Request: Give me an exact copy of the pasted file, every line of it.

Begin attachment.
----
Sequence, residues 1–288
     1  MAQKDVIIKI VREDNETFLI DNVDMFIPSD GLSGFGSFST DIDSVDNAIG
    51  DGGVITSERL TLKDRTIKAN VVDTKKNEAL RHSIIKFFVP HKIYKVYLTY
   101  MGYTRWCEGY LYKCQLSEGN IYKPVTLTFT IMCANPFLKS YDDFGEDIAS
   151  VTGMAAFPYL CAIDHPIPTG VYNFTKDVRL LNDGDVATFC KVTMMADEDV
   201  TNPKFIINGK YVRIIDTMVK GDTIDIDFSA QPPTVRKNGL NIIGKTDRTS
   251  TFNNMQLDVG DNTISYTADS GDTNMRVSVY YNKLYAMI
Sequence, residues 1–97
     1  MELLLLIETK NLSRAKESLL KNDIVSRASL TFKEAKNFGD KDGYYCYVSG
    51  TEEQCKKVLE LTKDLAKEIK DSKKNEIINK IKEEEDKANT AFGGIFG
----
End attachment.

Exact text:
Sequence, residues 1–288
     1  MAQKDVIIKI VREDNETFLI DNVDMFIPSD GLSGFGSFST DIDSVDNAIG
    51  DGGVITSERL TLKDRTIKAN VVDTKKNEAL RHSIIKFFVP HKIYKVYLTY
   101  MGYTRWCEGY LYKCQLSEGN IYKPVTLTFT IMCANPFLKS YDDFGEDIAS
   151  VTGMAAFPYL CAIDHPIPTG VYNFTKDVRL LNDGDVATFC KVTMMADEDV
   201  TNPKFIINGK YVRIIDTMVK GDTIDIDFSA QPPTVRKNGL NIIGKTDRTS
   251  TFNNMQLDVG DNTISYTADS GDTNMRVSVY YNKLYAMI
Sequence, residues 1–97
     1  MELLLLIETK NLSRAKESLL KNDIVSRASL TFKEAKNFGD KDGYYCYVSG
    51  TEEQCKKVLE LTKDLAKEIK DSKKNEIINK IKEEEDKANT AFGGIFG